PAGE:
At the same time, our fight against hunger and poverty raises a set of challenges that can appear almost unmanageable at times.  It is my hope that today’s gathering can help pare that list and focus attention on the most pressing high-priority items.

I believe you should consider the following key areas:

First, economic policies need to prioritize employment creation as the critical link between growth and poverty reduction.  Higher economic growth, while important, must not be viewed as an end in itself.  For instance, last year’s robust worldwide expansion did not lead to a corresponding reduction in unemployment or poverty.  Instead, the number of people living on less than 2 dollars a day actually grew last year to reach 1.37 billion.

At the same time, we must recognize that unemployment exacts a disproportionate toll on the young.  Youth represent a quarter of the world’s working population, but constitute nearly half of its unemployed.  Increased job opportunities for them can have outsize effects on poverty alleviation.

Second, the review must consider the links between agricultural productivity and both hunger and poverty.  Three out of every four of the world’s poor live in rural communities.  For them, agriculture is not only a vital source of nutrition, it is also a leading driver of employment and income.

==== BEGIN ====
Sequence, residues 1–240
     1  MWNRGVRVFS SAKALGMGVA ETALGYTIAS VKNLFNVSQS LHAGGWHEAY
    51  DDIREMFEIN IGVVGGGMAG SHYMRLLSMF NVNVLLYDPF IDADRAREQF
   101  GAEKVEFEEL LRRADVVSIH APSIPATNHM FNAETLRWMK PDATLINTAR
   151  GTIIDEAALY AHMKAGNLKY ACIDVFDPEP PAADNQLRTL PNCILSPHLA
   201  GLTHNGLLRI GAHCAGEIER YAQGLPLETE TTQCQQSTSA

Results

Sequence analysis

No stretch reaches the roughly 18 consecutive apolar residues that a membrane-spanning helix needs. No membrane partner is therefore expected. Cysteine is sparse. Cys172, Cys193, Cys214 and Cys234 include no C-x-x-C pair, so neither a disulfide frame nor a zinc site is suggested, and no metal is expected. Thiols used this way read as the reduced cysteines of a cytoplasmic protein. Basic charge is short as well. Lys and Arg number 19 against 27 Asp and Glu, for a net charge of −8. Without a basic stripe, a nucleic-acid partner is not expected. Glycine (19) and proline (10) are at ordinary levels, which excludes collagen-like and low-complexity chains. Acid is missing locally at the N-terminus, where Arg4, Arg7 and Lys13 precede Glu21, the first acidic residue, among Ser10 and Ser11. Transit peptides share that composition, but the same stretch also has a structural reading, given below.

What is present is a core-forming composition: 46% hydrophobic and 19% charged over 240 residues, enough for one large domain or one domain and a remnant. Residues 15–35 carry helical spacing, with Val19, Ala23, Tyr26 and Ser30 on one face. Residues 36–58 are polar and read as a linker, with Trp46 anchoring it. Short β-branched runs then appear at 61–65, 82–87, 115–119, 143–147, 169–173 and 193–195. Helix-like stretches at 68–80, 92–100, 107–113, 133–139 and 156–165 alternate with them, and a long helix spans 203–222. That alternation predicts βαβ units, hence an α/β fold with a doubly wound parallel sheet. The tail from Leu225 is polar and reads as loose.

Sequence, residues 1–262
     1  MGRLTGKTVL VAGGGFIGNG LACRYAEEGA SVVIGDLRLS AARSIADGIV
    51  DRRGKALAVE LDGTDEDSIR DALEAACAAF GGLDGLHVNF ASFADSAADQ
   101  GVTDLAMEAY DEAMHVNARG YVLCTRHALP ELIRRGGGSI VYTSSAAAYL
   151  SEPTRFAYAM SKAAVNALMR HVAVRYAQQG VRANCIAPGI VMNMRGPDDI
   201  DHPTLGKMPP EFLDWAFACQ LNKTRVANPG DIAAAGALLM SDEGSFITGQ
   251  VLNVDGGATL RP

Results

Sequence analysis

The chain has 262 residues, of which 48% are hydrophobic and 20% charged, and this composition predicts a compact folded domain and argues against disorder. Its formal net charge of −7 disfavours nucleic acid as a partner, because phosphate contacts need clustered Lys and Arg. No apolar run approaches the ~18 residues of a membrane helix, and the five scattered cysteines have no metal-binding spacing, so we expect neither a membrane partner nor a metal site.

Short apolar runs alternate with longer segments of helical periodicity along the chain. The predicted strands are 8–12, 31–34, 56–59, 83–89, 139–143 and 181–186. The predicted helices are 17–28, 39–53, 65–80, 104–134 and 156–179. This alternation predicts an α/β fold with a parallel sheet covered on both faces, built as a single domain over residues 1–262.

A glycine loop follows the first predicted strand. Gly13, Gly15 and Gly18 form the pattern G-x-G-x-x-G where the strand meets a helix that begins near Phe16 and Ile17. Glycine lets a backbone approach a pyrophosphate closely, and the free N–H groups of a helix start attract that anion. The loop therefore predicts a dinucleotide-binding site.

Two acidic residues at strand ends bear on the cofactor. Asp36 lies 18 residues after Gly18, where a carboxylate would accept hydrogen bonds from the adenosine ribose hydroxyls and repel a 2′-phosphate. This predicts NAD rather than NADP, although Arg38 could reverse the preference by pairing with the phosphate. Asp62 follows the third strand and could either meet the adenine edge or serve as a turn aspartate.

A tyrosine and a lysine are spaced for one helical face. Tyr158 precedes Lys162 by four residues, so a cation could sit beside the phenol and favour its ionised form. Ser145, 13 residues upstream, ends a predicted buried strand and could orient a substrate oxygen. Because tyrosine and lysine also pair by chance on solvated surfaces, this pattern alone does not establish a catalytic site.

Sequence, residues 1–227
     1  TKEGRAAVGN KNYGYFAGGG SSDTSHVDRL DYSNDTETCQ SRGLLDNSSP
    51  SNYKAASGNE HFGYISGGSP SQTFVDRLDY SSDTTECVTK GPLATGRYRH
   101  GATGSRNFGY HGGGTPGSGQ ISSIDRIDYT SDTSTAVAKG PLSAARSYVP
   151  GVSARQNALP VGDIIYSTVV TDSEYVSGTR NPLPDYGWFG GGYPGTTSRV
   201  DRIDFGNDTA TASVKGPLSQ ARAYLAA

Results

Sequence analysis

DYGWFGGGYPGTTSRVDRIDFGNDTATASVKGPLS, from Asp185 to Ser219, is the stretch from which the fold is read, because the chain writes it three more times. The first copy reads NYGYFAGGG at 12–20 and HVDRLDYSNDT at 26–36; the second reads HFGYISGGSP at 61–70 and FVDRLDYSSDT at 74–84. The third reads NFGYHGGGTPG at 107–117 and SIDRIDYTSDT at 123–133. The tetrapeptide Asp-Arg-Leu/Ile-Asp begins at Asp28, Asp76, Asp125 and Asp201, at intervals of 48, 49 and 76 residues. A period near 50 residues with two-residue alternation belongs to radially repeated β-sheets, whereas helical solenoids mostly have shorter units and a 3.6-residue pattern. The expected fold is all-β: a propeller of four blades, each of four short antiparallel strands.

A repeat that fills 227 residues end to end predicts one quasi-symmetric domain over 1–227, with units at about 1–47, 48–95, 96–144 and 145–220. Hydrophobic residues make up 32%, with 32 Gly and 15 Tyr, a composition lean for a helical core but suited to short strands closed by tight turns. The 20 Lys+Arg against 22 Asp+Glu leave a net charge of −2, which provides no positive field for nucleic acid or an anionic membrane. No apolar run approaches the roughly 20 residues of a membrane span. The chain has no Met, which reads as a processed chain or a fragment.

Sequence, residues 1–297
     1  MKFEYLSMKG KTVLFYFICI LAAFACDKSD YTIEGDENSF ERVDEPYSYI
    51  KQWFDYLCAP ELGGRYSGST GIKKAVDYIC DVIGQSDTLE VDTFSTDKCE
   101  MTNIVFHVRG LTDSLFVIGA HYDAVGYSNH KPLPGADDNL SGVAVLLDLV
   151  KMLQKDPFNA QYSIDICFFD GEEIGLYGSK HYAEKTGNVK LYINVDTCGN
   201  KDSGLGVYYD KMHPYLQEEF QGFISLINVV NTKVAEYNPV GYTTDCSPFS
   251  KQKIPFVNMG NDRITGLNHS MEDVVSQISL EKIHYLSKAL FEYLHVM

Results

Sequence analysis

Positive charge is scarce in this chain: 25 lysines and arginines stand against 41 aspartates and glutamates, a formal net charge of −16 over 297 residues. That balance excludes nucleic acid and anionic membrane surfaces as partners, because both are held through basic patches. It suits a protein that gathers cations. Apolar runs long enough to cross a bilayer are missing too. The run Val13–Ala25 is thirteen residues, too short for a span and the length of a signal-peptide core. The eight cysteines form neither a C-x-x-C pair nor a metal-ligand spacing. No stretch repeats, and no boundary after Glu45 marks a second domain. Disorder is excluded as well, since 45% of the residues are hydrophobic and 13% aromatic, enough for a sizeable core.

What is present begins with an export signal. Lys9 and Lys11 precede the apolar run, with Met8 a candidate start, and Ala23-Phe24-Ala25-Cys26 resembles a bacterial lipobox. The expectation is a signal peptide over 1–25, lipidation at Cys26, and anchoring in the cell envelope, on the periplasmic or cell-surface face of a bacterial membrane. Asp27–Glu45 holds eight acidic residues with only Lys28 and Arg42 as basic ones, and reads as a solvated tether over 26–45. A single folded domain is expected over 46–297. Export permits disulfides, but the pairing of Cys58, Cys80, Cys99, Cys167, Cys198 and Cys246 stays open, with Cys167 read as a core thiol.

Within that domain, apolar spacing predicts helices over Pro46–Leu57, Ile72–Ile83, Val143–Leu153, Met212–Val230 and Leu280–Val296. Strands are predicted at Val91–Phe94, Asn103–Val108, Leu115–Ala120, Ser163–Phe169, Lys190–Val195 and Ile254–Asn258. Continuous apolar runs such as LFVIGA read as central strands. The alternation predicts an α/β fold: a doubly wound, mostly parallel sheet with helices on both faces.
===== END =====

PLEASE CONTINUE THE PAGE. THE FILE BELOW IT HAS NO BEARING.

Increased agricultural productivity is crucial to the betterment of these rural poor.  But productivity gains must arise from a broader effort designed to empower village populations.  These communities need better and more secure rights to land and water resources; they require innovative credit solutions like microfinance; and they seek improved access to markets.

Given the fundamental role of women in agricultural societies, any rural initiative must specifically address their needs as well.  Women produce most of the food consumed in rural societies.  Increasing their access to essential resources and services, such as land, credit and training, will empower not only women, but entire communities.

Third, initiatives have to be placed within the framework of a global partnership for development.  Employment creation and rural support packages in the developing world have to be backed up by better aid, greater debt relief and stronger follow-through on the financing for development commitments.

Progress towards a fairer international trading system is perhaps the single most important step towards a meaningful global partnership for development.  That is why we need to redouble our efforts to see a successful and timely conclusion to the Doha Development Round.  Existing trade barriers, agricultural subsidies, and restrictive rules on investment and intellectual property rights serve to reinforce global inequities.  Lowering these barriers can go a long way towards alleviating poverty and hunger in the developing world.

Of course, a truly global partnership cannot be limited to Governments alone.  It also requires the active engagement of both the private sector and civil society.  That is why the annual ministerial review envisions broad-based input and participation.  It is also why all of us have gathered here for this preparatory meeting.

If we all join hands, we can still meet the 2015 Millennium Development Goals deadline, we can advance against poverty and hunger, and we can build a true partnership for development.

So let me conclude by wishing you all a most productive meeting.  I, for one, eagerly await the outcome of your discussions.

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For information media • not an official record
For information media. Not an official record.